Henslow's Sparrow

SCIENTIFIC NAME: Ammodramus henslowii

Henslow's Sparrow

The Henslow's Sparrow is a large-headed and thick-billed sparrow that breeds in southern Canada, the northeastern United States, and the mid-western United States.

Adults are 4.3 - 5.1 inches in length, with a wingspan of 6.3 - 7.9 inches and weight around 11 - 15 grams.

They have streaked brown upper parts with a light brown breast with streaks, a white belly and a white throat. They have a pale stripe on the crown with a dark stripe on each side, an olive face and neck, rust-colored wings and a short dark forked tail.

CALL: The usual alarm call is a sharp "tsip". They also make a series of high-pitched whistles during the height of the breeding season.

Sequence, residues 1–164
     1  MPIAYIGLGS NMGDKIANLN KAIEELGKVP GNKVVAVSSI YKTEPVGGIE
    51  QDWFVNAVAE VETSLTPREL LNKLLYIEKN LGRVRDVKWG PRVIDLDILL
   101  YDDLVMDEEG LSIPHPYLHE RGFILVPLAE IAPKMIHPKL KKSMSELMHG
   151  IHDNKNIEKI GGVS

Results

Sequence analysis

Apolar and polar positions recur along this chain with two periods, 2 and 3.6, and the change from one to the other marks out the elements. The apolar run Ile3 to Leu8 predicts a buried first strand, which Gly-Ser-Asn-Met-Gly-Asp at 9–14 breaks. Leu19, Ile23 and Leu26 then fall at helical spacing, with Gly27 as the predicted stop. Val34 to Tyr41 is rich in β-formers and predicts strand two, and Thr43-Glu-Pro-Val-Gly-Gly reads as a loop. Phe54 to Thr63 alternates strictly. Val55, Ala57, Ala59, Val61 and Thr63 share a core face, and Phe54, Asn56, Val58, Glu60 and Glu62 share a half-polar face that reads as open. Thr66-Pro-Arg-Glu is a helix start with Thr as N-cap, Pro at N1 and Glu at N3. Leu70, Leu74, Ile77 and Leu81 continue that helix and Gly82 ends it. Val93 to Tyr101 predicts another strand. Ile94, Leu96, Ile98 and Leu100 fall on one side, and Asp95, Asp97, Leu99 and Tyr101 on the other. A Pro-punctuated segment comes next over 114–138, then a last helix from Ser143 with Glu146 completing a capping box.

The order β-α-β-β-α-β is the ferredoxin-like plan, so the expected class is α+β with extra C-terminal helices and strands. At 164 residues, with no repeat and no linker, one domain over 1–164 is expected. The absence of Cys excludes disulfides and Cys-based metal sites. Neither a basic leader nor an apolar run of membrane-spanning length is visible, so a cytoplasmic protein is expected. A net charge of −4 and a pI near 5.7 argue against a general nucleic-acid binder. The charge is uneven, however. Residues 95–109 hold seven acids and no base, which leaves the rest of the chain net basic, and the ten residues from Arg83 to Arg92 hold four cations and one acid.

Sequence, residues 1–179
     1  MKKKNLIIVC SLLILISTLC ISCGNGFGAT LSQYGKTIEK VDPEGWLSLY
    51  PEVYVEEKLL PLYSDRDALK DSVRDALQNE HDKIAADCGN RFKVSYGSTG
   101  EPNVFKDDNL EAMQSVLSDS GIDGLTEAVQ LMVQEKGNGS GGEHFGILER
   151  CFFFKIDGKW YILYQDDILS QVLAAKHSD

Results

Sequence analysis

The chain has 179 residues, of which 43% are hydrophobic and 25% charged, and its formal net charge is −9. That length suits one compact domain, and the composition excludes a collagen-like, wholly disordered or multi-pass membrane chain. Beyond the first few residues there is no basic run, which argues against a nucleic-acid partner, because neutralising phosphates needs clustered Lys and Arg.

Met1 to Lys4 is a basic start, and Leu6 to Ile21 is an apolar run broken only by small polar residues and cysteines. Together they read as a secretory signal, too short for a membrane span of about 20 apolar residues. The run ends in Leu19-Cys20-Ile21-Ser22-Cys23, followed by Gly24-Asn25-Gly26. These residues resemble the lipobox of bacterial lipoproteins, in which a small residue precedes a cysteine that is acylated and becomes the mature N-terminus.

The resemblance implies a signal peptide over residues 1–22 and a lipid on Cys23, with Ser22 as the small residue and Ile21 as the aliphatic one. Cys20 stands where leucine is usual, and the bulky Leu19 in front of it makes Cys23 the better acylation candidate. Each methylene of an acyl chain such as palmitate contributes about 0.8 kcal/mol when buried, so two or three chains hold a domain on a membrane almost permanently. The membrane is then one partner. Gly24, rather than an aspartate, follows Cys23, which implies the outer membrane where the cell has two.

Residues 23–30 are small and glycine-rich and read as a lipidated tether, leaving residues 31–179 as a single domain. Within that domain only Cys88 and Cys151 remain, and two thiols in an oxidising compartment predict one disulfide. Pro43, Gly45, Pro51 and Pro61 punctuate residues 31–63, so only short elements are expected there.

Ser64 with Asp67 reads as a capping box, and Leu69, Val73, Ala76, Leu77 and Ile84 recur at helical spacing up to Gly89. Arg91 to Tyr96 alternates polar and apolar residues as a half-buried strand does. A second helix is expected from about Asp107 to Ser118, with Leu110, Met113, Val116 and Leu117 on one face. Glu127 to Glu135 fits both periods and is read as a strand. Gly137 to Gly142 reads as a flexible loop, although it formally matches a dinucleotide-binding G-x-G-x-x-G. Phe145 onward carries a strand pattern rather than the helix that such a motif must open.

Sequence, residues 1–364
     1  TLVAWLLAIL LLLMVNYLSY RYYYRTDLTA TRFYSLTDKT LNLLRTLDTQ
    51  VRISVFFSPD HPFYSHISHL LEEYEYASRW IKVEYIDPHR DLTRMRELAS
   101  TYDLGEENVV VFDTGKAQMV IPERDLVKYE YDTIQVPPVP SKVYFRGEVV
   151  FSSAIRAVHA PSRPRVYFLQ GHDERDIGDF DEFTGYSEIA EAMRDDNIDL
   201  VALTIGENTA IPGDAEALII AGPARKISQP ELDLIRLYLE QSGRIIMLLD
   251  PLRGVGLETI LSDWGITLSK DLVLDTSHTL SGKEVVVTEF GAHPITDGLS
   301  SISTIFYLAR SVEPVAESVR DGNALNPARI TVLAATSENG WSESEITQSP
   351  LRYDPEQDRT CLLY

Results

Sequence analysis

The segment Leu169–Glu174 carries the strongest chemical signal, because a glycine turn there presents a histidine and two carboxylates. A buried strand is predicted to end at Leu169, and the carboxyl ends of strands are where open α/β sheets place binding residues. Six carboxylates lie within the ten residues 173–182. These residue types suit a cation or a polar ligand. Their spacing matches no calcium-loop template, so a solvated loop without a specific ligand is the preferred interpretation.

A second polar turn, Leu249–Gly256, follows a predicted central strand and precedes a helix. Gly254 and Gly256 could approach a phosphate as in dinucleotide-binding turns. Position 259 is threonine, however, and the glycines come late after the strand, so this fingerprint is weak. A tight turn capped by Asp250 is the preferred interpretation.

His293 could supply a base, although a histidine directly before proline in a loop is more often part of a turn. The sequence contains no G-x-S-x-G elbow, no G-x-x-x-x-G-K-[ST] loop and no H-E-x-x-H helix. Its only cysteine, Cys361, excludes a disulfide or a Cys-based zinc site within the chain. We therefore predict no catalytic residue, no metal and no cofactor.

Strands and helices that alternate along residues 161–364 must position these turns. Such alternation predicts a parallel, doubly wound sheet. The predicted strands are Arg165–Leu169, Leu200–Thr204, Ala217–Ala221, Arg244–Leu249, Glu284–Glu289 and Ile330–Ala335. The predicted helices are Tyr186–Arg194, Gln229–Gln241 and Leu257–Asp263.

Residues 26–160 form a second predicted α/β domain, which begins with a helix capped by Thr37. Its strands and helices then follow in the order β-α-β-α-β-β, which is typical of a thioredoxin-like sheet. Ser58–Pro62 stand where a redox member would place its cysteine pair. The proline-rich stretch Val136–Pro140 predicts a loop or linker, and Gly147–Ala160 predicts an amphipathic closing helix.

SONG: It has the simplest and shortest song of any North American songbird. It is a simple, buzzed "tzelick" to human ear, but spectrographic analysis reveals a more complicated song that is outside the range of human hearing.

Insects and spiders make up most of the summer diet. Seeds also make up a portion of the diet, and may be the primary food item in the winter.

Often found in weedy fields and meadows, often damp or marshy, with standing tall weeds and shrubs. They have also been found using abandoned pastures and farm fields.

Summers throughout much of the Midwest, the eastern Great Lakes region, parts of the Mid-Atlantic, and parts of the eastern Great Plains.

Winters in the southeastern U.S.

The female builds a loosely weaved shallow bowl-shape nest of grasses and weed stems, lined with finer grasses and/or hair. It is placed on the ground, typically in a shallow depression or in a protected location such as next to a clump of vegetation.

The female lays 3 - 4 glossy white eggs, with speckles and blotches. She alone incubates the eggs for 10 - 12 days.



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